“There is no point in having a student body on campus if competing ideas are not exchanged and analyzed and respected by each other.”
Senator Chuck Grassley (R-IA) uttered this thought-provoking statement during a recent Senate hearing focused on free speech and political bias on college campuses. Conclusions made from this hearing are clear: universities have diversity of gender, ethnicity, and culture. But lack significantly in arguably the most important form of diversity for a center of higher learning — diversity of thought. This deficiency, many argued during the hearing, is stifling the exchange of competing ideas in the classroom — crushing the morale and discourse of more conservative students — and proving detrimental to students’ ability to receive a balanced and complete education. This discrimination could not have been more evident than when it came to the opposition we faced bringing a Young Americans for Freedom chapter to the University of Cincinnati.
In order to become an official organization at UC, one must submit a club constitution with a clear purpose of what the organization stands for and present the organization proposal in front of the Student Activities Board (SAB) for approval. For prospective clubs that are not focused in more conservative views, this is a relatively easy process.
For us, however, the Student Activities Board found issue with the uniqueness of our purpose and the ability of our organization to obtain a membership exclusive to our club. Members of the board forced us to jump through hoops in differentiating ourselves from almost every other right-leaning political organization on campus — whether it was Young Americans for Liberty, College Republicans, or TurningPoint USA, to make sure YAF would be a unique addition to the University.
We submitted our constitution for review and were set to present in front of the Board on March 23, 2017. Hours before the scheduled presentation time, we received an email explaining that we would be unable to present due to our supposed similarities to Young Americans for Liberty. To anyone who takes even the most basic, surface-level look into the two organizations, the differences are obvious. After a subsequent meeting that lasted approximately five minutes, we were assured that we would be on our way to approval if we explained these differences to the Board.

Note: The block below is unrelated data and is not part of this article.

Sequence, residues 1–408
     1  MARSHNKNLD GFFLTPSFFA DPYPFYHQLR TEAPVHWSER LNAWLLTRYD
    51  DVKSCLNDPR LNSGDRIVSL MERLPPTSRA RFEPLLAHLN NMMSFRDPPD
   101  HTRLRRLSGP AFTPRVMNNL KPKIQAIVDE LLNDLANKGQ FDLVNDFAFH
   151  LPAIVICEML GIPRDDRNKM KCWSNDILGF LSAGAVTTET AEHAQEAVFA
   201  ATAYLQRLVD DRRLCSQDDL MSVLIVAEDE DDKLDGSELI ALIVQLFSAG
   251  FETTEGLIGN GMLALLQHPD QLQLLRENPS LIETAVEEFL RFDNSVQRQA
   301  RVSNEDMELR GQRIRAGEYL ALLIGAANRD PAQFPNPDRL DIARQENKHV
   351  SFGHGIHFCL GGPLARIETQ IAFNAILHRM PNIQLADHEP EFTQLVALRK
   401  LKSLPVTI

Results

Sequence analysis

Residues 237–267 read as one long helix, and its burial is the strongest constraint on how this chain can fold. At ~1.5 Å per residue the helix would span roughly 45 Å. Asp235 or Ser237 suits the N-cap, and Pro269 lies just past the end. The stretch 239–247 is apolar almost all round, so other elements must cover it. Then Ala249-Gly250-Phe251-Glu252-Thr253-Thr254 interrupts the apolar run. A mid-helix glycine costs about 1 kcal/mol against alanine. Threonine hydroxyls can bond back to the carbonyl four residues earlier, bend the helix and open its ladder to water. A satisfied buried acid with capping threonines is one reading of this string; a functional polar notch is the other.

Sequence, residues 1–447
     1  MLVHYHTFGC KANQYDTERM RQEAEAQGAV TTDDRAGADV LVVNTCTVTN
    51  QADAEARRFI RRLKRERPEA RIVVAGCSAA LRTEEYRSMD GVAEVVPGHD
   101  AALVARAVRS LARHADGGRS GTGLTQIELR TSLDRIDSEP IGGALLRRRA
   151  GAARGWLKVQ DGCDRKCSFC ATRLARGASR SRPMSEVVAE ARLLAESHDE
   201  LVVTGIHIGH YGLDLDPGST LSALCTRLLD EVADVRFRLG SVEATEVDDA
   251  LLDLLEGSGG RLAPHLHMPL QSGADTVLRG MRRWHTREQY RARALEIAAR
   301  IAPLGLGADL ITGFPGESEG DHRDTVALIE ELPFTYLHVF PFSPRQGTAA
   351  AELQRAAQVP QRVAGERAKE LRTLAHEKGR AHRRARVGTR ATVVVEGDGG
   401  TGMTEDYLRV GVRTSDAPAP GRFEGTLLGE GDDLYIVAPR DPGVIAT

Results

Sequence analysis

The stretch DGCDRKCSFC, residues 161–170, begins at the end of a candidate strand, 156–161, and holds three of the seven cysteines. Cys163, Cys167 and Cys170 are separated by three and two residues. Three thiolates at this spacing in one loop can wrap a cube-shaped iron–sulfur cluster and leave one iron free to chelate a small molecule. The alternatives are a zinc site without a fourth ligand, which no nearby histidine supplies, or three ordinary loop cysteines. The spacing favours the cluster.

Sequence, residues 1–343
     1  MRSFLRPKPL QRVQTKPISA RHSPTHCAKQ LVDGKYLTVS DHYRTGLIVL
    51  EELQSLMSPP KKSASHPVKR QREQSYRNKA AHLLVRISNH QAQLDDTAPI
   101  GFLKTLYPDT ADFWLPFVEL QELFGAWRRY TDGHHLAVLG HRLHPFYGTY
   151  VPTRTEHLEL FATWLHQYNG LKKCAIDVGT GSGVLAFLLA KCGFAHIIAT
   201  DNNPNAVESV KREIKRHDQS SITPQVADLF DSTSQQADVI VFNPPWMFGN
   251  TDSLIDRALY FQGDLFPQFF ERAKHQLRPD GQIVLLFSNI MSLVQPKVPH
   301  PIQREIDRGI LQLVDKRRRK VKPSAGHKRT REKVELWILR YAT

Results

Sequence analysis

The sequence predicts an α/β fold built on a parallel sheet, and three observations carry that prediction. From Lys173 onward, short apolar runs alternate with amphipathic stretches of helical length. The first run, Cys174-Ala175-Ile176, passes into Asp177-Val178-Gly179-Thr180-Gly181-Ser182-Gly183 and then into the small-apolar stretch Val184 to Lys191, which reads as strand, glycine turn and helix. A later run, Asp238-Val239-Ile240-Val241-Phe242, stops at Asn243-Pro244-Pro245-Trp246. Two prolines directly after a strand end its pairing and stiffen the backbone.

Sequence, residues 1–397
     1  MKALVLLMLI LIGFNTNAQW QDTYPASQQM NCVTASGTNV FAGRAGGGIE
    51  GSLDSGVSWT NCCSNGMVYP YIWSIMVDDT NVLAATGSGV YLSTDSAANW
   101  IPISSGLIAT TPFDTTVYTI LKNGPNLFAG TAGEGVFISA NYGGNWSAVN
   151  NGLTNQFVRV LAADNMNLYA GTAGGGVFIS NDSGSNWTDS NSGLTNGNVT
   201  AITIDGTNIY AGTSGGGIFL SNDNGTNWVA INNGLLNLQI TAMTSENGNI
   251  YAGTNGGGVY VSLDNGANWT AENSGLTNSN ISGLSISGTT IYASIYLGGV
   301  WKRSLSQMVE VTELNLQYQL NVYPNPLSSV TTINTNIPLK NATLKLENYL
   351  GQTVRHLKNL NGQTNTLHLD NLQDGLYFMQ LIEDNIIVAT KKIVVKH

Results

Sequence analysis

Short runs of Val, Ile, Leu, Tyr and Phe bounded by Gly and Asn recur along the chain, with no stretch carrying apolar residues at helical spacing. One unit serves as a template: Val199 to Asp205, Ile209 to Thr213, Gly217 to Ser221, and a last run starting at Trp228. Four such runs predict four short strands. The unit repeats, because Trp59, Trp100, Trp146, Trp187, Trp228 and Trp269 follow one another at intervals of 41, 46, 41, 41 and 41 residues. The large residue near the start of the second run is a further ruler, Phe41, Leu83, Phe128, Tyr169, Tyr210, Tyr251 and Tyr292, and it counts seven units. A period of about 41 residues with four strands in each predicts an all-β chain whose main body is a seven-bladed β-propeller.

Fast forward a couple of weeks and we were finally in front of the Board. As directed, we clearly differentiated ourselves from the Young Americans for Liberty. During the question and answer portion of our presentation, SAB members sought more of an explanation of our differences between the College Republicans and TurningPoint USA, an organization who would be seeking approval the following week. Being as though the College Republicans are a partisan organization that works to elect Republican candidates across the country and YAF a non-partisan — conservative campus activism organization — we saw the differences to be quite apparent. However, the majority of the Board could not look past the shared “right-wing” label and tabled our organization until their next meeting in the Fall.
Thanks to Kyle Ferrebee and Mark Trammell of the Young America’s Foundation we were reassured that having to prove our individuality as an organization based on viewpoint to a state university was unlawful. They urged us to keep pushing for recognized University status.
This past Thursday, August 31, we were finally approved as an official University of Cincinnati organization. While it did not come as easily as we would have liked the second time around, we were able to convince the Board of the University’s need for such an organization on campus.
Because we have just been recently recognized by the University and are unable to apply for funding for another month, we had to seek funds from the Veterans Programs and Services Department and American Legion Post 318 to support our first initiative: a public 3,000 American flag memorial for the victims of 9/11. Seeing this event as a more than worthy cause, and rightfully so, Veterans Programs and Services generously donated over half of the funding for the flags.
We look forward to being a strong conservative voice on UC’s campus and hope you will join us!
If you want to learn more about UC YAF, our plans for the school year, or want to volunteer for the 9/11 memorial, follow us on Twitter @yaf_uc.